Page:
The nation’s largest supermarket chain, Walmart, has moved forward in providing over 50,000 office workers with a generative AI app. According to Axios, this program was announced on August 30th and will affect their non-store staff primarily.
The AI app is trained on corporate information and in short, its purpose is to assist the nation’s largest grocer’s workers. Some of the tasks the app is reported to help with include document summarization and content creation.
Walmart’s move into generative AI is only its latest over the years. On the company’s website, it showcases a few case studies on how it plans on using AI for both employees and customers. What makes Walmart’s move more interesting is that as one of the largest retailers in the world, it could be seen as a further shift into AI that other companies will likely follow.
So far, Walmart has declined to name the third-party large language model that is being used, but the app itself is part of the company’s broader “Me@Campus” app for employees. This program works on both smartphones and desktops.
In a LinkedIn post on the move, Donna Morris, Executive Vice President, Chief People Officer at Walmart, “The significance of this launch goes above and beyond the basic benefits of GenAI, like productivity gains.”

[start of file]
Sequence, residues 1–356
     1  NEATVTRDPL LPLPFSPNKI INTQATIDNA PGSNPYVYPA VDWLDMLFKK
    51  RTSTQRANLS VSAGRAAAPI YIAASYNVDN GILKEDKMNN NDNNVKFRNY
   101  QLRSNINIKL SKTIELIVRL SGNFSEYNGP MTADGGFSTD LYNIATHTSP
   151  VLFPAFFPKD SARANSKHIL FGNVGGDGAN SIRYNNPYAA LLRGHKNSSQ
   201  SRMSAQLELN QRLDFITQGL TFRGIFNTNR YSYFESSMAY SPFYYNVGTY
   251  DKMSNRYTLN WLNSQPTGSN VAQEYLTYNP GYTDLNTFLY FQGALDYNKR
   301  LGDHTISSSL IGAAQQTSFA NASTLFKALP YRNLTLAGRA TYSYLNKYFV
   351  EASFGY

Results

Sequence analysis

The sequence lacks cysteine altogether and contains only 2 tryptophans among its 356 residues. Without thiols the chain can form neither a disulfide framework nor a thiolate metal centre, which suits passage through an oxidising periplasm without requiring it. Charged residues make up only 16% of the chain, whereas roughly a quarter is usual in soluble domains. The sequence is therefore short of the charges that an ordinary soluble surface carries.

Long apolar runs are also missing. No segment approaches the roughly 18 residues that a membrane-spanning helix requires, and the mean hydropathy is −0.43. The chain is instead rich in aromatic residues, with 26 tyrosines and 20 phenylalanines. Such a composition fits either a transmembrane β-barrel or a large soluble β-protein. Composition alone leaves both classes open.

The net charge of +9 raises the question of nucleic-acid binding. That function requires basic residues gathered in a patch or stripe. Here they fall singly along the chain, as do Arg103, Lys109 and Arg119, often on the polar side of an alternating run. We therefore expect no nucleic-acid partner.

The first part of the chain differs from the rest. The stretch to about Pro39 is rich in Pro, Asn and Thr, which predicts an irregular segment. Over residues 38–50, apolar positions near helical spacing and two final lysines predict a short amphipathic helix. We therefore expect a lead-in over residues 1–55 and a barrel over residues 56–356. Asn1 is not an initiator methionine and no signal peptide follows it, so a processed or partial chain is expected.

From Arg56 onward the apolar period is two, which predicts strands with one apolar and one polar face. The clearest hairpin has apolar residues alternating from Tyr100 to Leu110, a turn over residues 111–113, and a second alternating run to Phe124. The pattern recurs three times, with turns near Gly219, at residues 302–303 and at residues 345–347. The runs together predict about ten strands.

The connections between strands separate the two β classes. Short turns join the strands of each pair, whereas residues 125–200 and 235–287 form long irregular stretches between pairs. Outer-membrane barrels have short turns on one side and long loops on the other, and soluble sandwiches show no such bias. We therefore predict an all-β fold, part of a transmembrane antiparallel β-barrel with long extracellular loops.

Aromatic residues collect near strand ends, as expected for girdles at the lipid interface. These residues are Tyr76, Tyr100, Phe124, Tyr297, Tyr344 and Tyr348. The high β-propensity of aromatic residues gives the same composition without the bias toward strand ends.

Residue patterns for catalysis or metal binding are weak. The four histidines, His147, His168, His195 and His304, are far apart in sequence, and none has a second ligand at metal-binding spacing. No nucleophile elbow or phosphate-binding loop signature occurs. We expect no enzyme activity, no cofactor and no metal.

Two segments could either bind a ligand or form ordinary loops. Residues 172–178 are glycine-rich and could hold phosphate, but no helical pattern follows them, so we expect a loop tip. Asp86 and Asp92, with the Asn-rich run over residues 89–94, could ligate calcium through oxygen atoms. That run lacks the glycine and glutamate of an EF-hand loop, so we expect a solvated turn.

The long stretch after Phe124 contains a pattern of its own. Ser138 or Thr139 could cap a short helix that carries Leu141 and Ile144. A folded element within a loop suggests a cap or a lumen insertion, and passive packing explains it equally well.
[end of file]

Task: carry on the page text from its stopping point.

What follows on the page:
She went on to state, “We believe the key to unlocking transformation lies in the creativity and innovation of our associates. Ideally, this technology will free them from monotonous, repetitive tasks, allowing more time and focus for improving the customer/member experience.”
Morris continued to point out the company’s vision of seeing AI used by the wider workforce instead of it being limited to a few, “Just picture the scale of what we can accomplish by putting a simple, easy-to-use GenAI tool in the hands of tens of thousands of associates, versus limiting the use of GenAI to just a few.”
Morris was also quick to state some important limitations of AI. Chiefly, it’s inability to make proper judgment calls. “GenAI can help us work faster and more efficiently, but it also has limitations: it lacks judgment, has a limited understanding of context, and is only as good as the data it’s trained on.”
It seems that Walmart is taking a cue from Microsoft CEO Satya Nadella who said earlier this year that AI is best suited to empower human labor, not replace human labor.